Be a Good Guest - Honor Your RSVP

This post is written on behalf of all party hosts - including you. Yes, I will be voicing my own personal frustrations of late. But these frustrations are shared by you and every other host out there and I felt that something had to be said. At the same time, I am guilty of being a bad guest on occasion myself.

What am I irritated about? RSVPs. The simple act of responding to an invitation with a 'yes' or a 'no' on attendance and then following through.

I've sold Pampered Chef for over 13 years. In my early years I was gung-ho with hosting an average of three parties a week. I had to coach the hosts to have the best party possible and part of it was getting them to be realistic about RSVPs in the modern age. I told them to invite as many people as possible and to expect a third of them to show up. That means if you invite 30 people, you'll be lucky if 10 show up. How discouraging is that!? In this case, though, we were talking about a shopping party.

How about an actual social party? We are entering holiday party season. There will be plenty of social parties. How will people handle RSVPs? How will the host feel?

Put your host hat on now. You clean your house. You shop and spend money on the necessary items you need. You decorate your house. In many cases you might cook or bake. Finally, you set everything out and await your guests. As hosts we put out a lot of time, money, and effort.

In my recent case I hosted a party on a Sunday and sent out about 20 invitations. In terms of a social party, the ratio should be about 50% of the people will attend. Here is what happened. (Now my friends will go through this figuring out which they are, but that's not the point of this exercise. It's to show a spectrum of how RSVPs work these days.)

4 people immediately said they could not come.
1 person first said yes, and then a few days later changed to a no.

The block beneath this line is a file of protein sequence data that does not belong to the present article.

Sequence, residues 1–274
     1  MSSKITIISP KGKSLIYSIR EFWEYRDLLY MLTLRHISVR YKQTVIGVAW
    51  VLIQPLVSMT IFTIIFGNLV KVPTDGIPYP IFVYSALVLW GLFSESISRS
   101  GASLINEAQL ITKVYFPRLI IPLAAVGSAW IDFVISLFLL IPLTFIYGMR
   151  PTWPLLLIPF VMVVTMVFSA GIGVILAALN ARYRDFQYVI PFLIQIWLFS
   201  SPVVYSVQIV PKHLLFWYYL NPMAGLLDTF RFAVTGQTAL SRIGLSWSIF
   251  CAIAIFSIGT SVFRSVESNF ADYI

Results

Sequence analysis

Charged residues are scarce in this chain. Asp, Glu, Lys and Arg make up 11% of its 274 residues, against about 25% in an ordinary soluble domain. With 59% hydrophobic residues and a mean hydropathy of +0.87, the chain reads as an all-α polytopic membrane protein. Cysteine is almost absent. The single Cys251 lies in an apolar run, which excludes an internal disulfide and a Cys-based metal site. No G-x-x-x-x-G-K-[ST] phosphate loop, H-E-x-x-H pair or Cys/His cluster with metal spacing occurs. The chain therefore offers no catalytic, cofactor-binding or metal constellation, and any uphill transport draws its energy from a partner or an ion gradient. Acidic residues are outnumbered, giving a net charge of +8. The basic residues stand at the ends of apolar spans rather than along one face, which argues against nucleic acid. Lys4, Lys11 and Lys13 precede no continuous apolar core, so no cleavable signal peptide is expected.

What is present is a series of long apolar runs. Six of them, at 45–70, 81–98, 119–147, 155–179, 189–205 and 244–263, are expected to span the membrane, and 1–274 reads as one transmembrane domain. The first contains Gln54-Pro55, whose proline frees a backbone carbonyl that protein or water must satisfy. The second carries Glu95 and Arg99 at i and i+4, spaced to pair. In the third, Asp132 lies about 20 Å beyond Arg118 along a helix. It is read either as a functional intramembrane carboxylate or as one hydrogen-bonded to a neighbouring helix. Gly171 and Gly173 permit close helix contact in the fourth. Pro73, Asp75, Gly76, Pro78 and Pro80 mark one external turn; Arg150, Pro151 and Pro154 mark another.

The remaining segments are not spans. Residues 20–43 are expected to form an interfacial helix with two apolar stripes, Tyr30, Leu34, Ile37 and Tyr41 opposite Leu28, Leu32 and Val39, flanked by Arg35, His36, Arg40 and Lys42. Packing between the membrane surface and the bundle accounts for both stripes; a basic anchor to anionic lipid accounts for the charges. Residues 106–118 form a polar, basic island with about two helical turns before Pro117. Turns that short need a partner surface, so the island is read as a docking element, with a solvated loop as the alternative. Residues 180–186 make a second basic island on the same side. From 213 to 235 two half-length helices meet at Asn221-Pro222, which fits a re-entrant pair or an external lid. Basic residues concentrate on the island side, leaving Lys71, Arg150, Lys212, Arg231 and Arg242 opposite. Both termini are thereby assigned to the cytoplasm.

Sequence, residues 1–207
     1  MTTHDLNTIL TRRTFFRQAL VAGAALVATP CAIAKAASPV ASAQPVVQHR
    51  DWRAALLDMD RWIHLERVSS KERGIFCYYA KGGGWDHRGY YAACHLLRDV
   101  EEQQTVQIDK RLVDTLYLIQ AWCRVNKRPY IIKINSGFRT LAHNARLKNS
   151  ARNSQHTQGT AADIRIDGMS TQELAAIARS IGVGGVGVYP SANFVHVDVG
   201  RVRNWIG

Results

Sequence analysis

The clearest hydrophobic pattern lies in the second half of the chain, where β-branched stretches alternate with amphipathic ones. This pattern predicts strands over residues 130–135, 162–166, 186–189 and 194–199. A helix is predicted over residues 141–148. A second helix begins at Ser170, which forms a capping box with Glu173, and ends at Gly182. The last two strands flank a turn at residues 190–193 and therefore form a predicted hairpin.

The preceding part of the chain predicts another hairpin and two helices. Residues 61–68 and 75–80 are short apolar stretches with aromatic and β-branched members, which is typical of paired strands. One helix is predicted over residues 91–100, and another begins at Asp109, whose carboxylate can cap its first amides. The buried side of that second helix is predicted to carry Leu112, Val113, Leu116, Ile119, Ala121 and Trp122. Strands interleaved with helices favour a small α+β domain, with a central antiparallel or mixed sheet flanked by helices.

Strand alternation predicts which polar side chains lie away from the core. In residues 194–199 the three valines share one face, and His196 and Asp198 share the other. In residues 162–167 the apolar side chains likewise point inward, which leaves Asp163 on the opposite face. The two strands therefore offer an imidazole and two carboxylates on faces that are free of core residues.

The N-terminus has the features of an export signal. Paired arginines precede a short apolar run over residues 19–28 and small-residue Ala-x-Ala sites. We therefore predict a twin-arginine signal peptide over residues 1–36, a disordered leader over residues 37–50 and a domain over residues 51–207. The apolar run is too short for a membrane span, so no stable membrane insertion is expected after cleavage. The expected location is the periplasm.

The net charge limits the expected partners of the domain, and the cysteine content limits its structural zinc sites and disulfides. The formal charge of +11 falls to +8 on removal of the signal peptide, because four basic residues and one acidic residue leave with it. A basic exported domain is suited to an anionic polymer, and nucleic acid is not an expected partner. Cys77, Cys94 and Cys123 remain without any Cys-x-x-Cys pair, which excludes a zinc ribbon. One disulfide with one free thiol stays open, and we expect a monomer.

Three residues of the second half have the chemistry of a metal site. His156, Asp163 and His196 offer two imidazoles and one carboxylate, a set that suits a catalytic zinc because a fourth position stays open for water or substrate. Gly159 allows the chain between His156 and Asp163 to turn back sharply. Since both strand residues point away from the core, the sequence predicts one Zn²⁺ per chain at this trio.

1 person said yes enthusiastically and then didn't show - forgot.
1 couple said yes and I was certain they would show and they didn't.
1 was a maybe and didn't show.
1 was a yes and then an hour before the party emailed they weren't coming.
1 couple was invited, I never heard from them all week, then the day of the party I get a text saying they couldn't come.
3 people never responded at all.
2 people who said yes actually did show up.
2 people who I never heard from surprised me by showing up.

So I had 5 people. As a host, this is really frustrating.

I said up front that I'm guilty myself. The day before I was supposed to go to an open house selling party. I had a migraine, took my meds, and by the time the headache was gone I realized I had totally forgotten the open house. I had to send an email apology. I felt terrible even though I had a pretty legitimate reason.

We are now officially into holiday party season. In some cases we have multiple parties on the same day/night. Please be realistic, honest and do your host a favor - RSVP and then honor your RSVP by showing up if you said you would. Not only will your host thank you, but you'll be happy when people show you the same respect when you host your next party.